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When you pray you burn a sacrifice. It’s the oldest human tradition that isn’t a matter of pure survival, except of course it is a matter of survival, and of keeping something pure. Amy crouches in her cold jacket on the porch she has to leave soon and turns it in her fingers: white paper, black ash, red ember, trace of smoke twisting up to disappear. The buzz has her head a little spinny. She doesn’t pray often, but some days you have to give something up to the sky. There it goes. Watch it rise. A minute of your life.


Here’s what you’re left with, when it’s over: crap neither of you bought and nobody wants. Amy cleans and bags and cleans and bags and makes him pick it up when she’s not at home. She is shipshaping. She is fixing what she can fix.

Sleeping alone is cold on your body and weird with your dreams. Exhausted but awake, one false dawn, she takes tea out back and watches the recycling pickers. She’s exchanged more satisfying goodbyes with homeless people than they got from each other, she and Jake. The trouble with love stories is they only have one author.


At times of deep self-loathing, Jake discovers, Maslow’s hierarchy is reversed: sleep evades him, and peanut butter tastes like a dead thing in his mouth.

“You’ve failed me for the last time, Maslow!” Jake shouts.

“No, Mister Jake!” cries Maslow, covering his head and scurrying for cover. “The Maslow is so sorry!” Jake whips him around the house with a willow switch anyway, but it doesn’t make his food taste any better.

“Why do you let him treat you that way?” asks Amy, dabbing Maslow’s forehead with a cool cloth.

“The Maslow has needs too,” says Maslow, shivering with delight.


“Thanks for coming,” says Jake.

“What?” says Amy. “I live here.”

“I’d like to begin by addressing certain rumors about the motorcycle.”

“What did you do to my bike?” says Amy sharply.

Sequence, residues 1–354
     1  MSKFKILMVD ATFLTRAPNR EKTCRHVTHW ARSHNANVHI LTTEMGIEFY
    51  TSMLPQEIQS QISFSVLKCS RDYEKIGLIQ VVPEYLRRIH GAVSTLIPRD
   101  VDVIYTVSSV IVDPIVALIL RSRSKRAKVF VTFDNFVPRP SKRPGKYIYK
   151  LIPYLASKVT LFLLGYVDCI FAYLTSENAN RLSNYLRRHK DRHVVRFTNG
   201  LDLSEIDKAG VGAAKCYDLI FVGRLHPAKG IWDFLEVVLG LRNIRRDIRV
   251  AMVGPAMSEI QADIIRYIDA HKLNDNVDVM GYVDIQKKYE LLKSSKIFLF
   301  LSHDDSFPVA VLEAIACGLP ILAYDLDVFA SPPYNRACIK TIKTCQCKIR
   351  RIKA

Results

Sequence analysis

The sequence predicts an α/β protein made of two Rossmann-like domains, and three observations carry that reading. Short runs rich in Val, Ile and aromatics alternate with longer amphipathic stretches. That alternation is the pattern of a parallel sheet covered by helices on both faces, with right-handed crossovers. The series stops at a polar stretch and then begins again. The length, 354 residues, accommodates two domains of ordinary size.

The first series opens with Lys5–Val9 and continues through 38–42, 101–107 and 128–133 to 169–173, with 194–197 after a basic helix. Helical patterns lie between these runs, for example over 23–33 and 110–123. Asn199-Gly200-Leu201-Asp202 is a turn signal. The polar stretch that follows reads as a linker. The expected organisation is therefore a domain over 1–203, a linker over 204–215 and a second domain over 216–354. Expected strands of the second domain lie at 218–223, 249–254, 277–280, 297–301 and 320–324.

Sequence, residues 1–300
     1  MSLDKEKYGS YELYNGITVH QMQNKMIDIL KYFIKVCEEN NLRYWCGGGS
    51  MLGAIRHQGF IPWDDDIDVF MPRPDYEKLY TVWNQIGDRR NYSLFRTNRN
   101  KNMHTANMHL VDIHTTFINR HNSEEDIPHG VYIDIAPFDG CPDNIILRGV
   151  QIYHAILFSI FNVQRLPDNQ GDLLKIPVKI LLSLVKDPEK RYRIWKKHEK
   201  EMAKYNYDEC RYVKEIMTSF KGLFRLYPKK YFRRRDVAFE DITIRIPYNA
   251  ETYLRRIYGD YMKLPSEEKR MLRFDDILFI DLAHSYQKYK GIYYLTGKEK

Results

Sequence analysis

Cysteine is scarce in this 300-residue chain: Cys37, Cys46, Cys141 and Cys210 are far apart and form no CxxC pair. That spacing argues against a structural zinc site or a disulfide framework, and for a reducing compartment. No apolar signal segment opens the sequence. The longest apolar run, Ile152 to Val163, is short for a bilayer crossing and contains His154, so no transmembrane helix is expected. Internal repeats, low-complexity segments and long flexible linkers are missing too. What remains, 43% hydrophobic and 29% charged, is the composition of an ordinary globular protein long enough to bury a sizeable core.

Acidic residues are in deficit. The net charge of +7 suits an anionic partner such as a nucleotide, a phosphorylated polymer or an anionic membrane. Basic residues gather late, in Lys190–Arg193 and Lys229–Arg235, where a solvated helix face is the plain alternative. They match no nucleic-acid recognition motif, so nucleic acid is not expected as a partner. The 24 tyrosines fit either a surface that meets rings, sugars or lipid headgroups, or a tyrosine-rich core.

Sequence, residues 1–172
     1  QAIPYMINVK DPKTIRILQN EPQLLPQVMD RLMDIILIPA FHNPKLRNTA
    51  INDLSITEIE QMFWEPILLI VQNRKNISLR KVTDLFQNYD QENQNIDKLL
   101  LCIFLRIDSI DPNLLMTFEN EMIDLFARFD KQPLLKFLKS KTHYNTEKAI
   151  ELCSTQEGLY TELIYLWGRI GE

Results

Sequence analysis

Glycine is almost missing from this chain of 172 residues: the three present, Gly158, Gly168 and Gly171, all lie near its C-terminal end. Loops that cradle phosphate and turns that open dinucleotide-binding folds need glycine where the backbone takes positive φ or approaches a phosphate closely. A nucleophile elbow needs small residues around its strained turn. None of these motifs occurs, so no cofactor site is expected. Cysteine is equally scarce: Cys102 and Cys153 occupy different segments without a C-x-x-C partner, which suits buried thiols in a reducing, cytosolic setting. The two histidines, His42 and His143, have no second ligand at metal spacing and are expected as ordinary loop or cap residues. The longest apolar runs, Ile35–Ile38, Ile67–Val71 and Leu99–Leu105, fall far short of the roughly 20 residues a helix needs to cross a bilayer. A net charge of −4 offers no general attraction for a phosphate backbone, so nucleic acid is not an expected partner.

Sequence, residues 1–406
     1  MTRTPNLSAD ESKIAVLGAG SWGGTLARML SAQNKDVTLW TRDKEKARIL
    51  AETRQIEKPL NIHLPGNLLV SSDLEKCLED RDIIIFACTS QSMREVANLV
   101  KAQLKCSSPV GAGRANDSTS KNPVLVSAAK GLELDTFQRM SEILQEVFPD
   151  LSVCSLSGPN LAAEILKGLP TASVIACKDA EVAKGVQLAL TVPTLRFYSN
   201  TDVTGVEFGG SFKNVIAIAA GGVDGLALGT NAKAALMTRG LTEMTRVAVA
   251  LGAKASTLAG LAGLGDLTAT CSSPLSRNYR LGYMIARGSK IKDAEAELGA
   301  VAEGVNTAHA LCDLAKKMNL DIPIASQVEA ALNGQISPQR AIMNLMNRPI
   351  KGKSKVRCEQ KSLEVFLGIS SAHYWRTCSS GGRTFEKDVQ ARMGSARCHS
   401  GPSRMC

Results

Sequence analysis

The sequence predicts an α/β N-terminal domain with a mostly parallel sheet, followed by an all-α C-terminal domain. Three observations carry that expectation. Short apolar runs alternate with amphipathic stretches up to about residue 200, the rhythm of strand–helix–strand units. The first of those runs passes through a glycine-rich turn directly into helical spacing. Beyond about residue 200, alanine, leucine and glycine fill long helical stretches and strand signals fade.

“Has a modest amount of chocolate milkshake been introduced into its tailpipe?” says Jake. “We can neither confirm nor deny.”

“Sometimes it is very hard to remember that I like you,” says Amy, facepalmed.

“There is a distinct odor of burnt marshmallows! No one is arguing otherwise.”

“I’ll get the hose,” Amy sighs.

“By the way,” Jake says, “turns out I was two days late to the milkshake party.”


“This is going to be stunning,” says Amy, “but I’ve come to the conclusion that most people don’t spend their idle moments replaying awkward memories, gripped by chagrin.”

Jake frowns. “That can’t be right. Seriously? They don’t catch themselves staring at walls, imagining what it would be like to hit one’s fourteen-year-old self over and over again, in the mouth?”

“I think they daydream about nice things,” says Amy grimly. “They may not wallow in past idiocies for two, three days at a time.”

“Is there some kind of medication we can use,” says Jake, “to make them start?”


“You’re aware of why you’re doing this, right?” Amy waves at the screen. “Working, throwing it all out there, panting over every inbound link? It’s such a transparent cry for affection–”

“Like you?”

“Like me.”

“But free distribution of digitizable content is the only model that even makes sense anymore!” Jake protests.

She smirks. “Coincidence. You only download music to get back at the RIAA too, right?”

“So what, I should put it behind a subscription wall? Print stories on t-shirts?”

“Well,” she says, “you could resell it in hardcopy.”

Jake winces. “Do I have to call it a ‘blook?'”


Funny, thinks Amy, how “scrubby” has come to mean “unscrubbed.” She really has no business among humans right now–no shower, no shave, IU sweatpants, hair yanked through a hat and feet in dusty thongs. Oh, and commando.

She holds it together, though, through the day’s two lectures. Leaving, she snags in a traffic jam near the gym’s entrance. Somebody’s holding a green towel, somebody else a peeled orange.

Memory. It’s 1995, dark outside, he’s a towel an orange and she feels dirty–wrong–excited–

Amy’s sweating, suddenly disconcerted; she hurries on, uncomfortably aware of the brush-brush of her secret thighs.


“We’ll tow your swivel chair,” they threaten, and Jake can’t make himself write at the moment so he gives up and agrees.

The party’s at least got a dance floor, and it’s mercifully dark; Deek and Gigi follow him into the thick of it and then out, arms up in crowd-maneuver stance. Jake’s smiling now, sweating a little. He lets himself people-watch: it’s not a bad crowd, Allie looks hot tonight, there’s a

small laugh

her wrist

Things blur. He finds himself upstairs, somebody’s office, page after page of Amy on yellow legal in a hand that’s just beginning to tremble.


Amy’s either shorter or taller than she’d really like to be. She likes old-school hip-hop but she sings loud bad Aerosmith. She’s embarrassed about wearing sweatpants so much. She doesn’t know she’s extraordinary for using words like “aegis” and “anacrusis” in everyday conversation.

Brown hair, B cup, freckles when she runs. Her only poster is of Jon Stewart. She used to drive fast, but she had to quit.

Writing Amy, Jake’s astounded by how easily she comes into his fingers. She’s like cheating. All that time inventing genius space-spies with the French Pox, and for what? Amy was here all along.